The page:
West Bengal woke up today to prominent ads in newspapers put out by a company called Rose Valley, appealing to its investors not to panic in the wake of the collapse of the Saradha group's chit fund, which has wiped out the savings of lakhs of small depositors in the state.
The ad promises that none of Rose Valley's investors will be duped and asks them to keep the faith.
Faith, however, is running short as panicky investors demand their money back fearing another Saradha-like collapse. In Kolkata's Behala, a Rose Valley office was ransacked this morning. The company's ad regrets another attack by "hooligans" on one of its offices "thinking we fall under the same strata" as Saradha.
Rose Valley is one of at least five companies that market regulator Securities and Exchange Board of India or SEBI is investigating for alleged fraud in West Bengal. The Rose Valley group has raised Rs. 4000 crore and a collapse could lead to a bigger crisis than the Saradha bust.
After the Saradha scare, worried depositors who queued up at branches of Rose Valley in Durgapur to collect their money before maturity, were sent back not with cash, but coupons and a handwritten receipt that shows the amount invested and how much the company owes the person now.
Like the Sudipta Sen-owned Saradha, Rose Valley has a media division and owns four television channels.
According to SEBI, Rose Valley's two companies raised more than 4000 crores. Potential damage can be gauged from the collapse of Saradha, which had raised about a quarter of what Rose Valley has at an estimated Rs. 1200 crore and has wiped out the savings of lakhs and lakhs of small investors, also hitting about 3.5 lakh fund collection agents, many of whom had invested in it.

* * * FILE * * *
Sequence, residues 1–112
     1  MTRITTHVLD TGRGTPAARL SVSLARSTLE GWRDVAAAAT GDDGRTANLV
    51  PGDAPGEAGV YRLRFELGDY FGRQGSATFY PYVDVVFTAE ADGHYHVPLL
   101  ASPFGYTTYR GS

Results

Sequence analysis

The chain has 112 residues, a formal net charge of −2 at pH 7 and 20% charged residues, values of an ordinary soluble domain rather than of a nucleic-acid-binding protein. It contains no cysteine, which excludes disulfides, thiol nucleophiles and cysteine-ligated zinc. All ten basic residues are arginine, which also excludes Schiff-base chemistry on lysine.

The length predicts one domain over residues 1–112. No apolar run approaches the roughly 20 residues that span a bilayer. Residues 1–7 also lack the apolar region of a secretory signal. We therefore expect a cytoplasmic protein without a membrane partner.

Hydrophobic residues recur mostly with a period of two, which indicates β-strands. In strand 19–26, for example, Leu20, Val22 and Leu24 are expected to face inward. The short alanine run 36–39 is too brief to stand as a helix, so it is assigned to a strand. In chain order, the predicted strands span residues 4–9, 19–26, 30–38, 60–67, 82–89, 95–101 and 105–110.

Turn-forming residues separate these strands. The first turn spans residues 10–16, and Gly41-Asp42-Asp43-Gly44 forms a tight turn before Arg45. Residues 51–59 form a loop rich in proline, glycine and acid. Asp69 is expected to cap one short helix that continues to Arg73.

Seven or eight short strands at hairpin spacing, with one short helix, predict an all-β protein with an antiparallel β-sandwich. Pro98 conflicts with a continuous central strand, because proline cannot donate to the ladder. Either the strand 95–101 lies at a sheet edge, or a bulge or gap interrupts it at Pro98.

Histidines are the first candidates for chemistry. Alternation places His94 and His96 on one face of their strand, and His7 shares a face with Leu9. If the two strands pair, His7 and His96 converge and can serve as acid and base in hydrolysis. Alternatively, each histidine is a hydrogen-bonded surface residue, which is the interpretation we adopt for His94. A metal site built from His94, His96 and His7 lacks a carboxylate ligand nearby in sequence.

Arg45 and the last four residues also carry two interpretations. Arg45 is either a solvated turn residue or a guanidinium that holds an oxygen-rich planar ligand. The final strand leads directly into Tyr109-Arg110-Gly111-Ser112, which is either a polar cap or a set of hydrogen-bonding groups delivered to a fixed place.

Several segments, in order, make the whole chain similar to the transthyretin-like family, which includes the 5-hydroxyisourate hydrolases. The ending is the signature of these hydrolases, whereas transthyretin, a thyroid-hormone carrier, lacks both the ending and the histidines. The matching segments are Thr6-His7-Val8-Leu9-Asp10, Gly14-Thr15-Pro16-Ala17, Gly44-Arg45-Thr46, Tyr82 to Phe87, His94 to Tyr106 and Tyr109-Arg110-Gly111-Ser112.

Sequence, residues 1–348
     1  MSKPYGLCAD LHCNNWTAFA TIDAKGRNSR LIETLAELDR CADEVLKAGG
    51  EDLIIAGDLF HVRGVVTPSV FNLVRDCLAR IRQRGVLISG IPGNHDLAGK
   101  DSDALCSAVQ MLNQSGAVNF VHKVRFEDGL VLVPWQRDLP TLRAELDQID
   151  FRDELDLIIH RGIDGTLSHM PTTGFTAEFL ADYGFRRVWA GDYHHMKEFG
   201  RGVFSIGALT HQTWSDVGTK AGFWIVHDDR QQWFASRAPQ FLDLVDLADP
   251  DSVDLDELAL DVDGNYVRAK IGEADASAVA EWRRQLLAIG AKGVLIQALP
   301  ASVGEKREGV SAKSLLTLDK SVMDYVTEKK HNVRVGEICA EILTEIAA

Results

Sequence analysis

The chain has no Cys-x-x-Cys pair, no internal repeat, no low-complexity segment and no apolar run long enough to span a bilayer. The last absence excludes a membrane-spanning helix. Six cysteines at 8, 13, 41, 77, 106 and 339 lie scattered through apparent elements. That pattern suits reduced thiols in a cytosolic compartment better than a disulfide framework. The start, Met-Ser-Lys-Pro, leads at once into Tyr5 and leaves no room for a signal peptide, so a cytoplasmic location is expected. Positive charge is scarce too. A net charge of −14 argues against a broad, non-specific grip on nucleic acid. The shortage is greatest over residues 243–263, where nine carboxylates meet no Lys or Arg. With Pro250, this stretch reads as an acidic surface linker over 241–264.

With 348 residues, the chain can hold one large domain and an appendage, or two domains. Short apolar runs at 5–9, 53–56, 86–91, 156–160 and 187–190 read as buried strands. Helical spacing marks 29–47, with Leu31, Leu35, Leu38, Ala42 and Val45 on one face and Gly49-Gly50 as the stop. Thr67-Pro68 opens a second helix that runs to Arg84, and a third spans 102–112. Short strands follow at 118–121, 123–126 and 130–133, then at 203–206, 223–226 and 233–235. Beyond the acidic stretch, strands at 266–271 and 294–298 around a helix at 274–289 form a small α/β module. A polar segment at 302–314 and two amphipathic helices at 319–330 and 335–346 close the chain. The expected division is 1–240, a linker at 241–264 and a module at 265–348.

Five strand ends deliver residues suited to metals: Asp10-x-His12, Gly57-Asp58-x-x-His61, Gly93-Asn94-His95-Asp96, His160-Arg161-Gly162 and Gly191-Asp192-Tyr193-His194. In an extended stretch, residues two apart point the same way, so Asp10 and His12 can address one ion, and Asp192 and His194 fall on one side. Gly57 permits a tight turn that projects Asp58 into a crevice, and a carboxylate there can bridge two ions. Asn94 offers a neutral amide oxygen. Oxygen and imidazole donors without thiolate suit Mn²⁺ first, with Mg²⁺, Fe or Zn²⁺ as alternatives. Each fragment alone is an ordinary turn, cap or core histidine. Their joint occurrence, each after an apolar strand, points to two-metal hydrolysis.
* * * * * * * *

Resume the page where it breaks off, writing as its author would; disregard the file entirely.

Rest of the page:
The market regulator had issued a restraining order against Rose Valley in 2011, but says the group has used delay tactics and court battles to stall action against it while it continues to raise money from depositors. The group's firm in West Bengal, Rose Valley Real estate and Constructions Ltd has raised Rs. 1270 crore from investors, SEBI says. Its hotels and entertainment company, which was shut down by the Jharkhand government last year, had raised more than 2900 crores.
Last month, SEBI imposed a penalty of one crore on Rose Valley and filed an FIR against its officials.
A SEBI document that NDTV has exclusive access to says that the regulator has for the last year been warning the West Bengal government and even the general public, through newspaper campaigns, about fraud chit fund schemes in the state. It had Saradha under its scanner for some time now.
West Bengal Chief Minister Mamata Banerjee said yesterday that she had received a letter from SEBI about two months ago about a chit fund, but would not say which chit fund.